The machines found in the MIT FabLab are expensive, but many are not beyond the reach of aspiring, local entrepreneurs. Increasingly, many of these machines are becoming small enough and affordable enough to fit on the average person’s desktop.
Professor Gershenfeld’s class expanded into a global network of FabLabs focusing on education, local manufacturing, and turning the world’s population from consumerist “sinks” into productive “sources.” The concept of shedding our centralized consumerist paradigm for one of localized production has expanded beyond the growing FabLab network and made its way into the “maker community.”
Locally organized spaces where a similar collection of tools and interests converge to accomplish many of the same goals as MIT’s FabLab are called “hackerspaces” or “makerspaces.” These are not standardized, and each one is as unique as the community within which they spring up. Experimenting, education, research, and development take place at hackerspaces, and occasionally an entire business model may result. Community projects have also been undertaken by these emerging local institutions.
The “maker” mentality has also translated into the world of heavier industry – including car manufacturing. Crowd-sourced car manufacturing serves as the basis of America’s Local Motors, while local race car design, development, and manufacturing constitutes Thailand’s 999 Motorsport’s business model. The world of biology is also being transformed by this emerging paradigm – with local community “DIYbio” labs giving people a safe and secure place to study and develop local biotechnology.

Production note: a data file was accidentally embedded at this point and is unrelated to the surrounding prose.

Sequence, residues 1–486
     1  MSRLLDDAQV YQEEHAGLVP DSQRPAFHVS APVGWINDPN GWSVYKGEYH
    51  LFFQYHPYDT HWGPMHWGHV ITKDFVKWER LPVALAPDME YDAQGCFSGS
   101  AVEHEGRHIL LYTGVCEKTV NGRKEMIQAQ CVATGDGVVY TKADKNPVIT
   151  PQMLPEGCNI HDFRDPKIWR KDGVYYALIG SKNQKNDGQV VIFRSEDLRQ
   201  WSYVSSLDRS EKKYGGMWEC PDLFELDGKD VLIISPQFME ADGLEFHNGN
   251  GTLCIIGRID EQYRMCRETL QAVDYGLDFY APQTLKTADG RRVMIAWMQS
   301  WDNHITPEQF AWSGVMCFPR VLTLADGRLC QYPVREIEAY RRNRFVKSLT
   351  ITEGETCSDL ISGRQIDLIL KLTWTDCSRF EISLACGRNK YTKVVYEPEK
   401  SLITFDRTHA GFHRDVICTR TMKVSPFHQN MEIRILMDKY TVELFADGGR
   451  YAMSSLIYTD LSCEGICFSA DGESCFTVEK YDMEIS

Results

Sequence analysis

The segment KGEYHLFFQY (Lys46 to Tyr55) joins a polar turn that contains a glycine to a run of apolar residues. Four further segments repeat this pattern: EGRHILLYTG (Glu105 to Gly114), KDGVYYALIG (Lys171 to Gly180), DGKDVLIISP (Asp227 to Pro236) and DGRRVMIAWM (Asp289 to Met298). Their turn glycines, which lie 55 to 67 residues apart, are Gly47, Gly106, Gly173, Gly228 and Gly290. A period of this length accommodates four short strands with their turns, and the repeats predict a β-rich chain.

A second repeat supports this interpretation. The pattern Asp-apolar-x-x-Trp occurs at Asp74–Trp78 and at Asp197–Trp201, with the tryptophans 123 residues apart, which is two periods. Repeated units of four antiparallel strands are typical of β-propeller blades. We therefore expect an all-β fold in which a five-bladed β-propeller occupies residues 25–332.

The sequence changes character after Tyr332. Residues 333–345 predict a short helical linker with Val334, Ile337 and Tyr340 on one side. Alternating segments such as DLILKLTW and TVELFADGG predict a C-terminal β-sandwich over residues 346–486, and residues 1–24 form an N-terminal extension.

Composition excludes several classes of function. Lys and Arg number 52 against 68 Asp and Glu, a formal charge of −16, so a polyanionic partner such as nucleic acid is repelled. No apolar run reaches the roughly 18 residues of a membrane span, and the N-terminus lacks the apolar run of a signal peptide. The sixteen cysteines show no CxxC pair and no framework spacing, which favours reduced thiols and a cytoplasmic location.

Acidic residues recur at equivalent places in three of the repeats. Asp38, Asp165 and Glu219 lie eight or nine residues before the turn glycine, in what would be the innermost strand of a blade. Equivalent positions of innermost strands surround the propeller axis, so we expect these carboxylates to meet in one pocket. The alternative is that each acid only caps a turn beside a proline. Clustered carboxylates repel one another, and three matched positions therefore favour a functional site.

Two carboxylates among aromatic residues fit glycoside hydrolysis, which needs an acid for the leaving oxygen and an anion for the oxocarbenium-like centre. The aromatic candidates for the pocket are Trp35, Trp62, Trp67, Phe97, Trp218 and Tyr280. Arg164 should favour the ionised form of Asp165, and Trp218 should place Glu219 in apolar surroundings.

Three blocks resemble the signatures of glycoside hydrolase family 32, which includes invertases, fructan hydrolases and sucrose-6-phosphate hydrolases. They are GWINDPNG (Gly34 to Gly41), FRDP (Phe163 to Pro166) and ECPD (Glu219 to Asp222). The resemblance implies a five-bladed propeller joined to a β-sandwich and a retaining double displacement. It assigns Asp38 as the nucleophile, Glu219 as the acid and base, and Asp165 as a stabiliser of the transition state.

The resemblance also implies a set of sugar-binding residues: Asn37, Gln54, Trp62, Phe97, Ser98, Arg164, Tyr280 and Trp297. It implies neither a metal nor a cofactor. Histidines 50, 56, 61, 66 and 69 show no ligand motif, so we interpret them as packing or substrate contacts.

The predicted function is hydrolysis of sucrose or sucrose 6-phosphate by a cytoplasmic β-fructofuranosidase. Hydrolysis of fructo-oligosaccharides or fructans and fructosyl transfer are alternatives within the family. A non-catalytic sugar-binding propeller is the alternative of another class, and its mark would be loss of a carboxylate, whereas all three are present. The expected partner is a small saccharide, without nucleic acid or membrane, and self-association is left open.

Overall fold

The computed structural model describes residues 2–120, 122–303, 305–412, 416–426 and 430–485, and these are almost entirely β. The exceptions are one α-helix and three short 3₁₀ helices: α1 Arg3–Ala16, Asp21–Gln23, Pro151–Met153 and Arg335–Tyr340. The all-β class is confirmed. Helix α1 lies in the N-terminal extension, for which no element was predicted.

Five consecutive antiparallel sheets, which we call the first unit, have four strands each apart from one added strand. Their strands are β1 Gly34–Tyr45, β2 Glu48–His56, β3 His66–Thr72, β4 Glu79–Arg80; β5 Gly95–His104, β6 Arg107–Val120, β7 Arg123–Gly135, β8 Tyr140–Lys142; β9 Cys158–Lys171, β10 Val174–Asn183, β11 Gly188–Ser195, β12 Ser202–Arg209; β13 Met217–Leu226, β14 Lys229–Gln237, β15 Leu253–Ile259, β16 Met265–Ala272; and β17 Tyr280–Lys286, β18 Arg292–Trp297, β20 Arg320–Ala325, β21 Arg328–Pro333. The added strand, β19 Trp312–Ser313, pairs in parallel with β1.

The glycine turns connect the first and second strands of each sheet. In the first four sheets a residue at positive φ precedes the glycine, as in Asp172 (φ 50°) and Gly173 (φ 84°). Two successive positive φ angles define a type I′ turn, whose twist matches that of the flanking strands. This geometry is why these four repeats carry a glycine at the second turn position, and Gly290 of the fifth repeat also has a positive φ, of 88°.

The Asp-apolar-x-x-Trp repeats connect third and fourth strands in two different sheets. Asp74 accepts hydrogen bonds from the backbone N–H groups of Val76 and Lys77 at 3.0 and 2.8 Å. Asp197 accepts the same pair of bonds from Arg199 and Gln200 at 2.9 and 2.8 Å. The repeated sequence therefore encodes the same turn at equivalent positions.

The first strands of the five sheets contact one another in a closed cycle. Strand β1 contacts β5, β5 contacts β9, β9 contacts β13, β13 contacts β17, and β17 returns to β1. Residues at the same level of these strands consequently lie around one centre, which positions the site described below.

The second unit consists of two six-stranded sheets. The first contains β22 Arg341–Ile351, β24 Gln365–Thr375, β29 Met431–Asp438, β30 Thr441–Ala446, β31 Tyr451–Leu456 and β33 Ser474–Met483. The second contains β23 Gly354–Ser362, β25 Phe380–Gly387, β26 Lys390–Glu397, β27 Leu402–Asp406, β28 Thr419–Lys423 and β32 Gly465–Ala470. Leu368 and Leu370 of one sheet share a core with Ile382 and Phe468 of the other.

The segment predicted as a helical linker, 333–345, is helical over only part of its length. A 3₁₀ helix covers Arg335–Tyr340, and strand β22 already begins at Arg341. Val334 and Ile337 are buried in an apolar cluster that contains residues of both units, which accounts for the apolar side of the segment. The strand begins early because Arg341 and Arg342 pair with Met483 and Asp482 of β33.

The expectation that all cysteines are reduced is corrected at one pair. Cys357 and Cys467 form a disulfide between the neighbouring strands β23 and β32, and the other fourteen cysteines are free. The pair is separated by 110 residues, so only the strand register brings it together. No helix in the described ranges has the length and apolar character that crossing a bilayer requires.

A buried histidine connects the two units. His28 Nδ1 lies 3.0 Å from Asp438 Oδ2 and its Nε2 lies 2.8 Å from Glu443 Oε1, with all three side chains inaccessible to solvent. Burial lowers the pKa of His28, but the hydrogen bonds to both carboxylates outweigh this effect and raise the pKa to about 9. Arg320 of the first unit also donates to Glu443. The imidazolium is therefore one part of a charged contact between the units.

Agriculture as well is being “re-localized” by community gardens around the world, both by necessity and as a political statement. Growing Power operates an urban agricultural operation, producing crops and fish, while helping others replicate their business model around the world. Other city dwellers are taking advantage of under utilized rooftops, planting gardens to produce fresh, organic vegetables. An emerging trend is for restaurants to grow at least some of their ingredients on their rooftops in a phenomenon known as “roof to table dining.” Food waste doesn’t go into the trash, but rather into the compost bin to be reused in the growing process.
Now imagine all of these ideas, along with localized education, communication infrastructure, farmers’ markets (and maybe maker’s markets or a combination of the two), locally sourced water (atmospheric water generators) and many other ideas all combined within the confines of a single block or village. You now have a living breathing, self-contained, semi-insulated localized version of everything Walmart offers, minus the sweatshops, cheap labor, wasteful global logistics networks, and all the instability that comes with a globally interdependent socioeconomic paradigm.
A Local Alternative Infographic: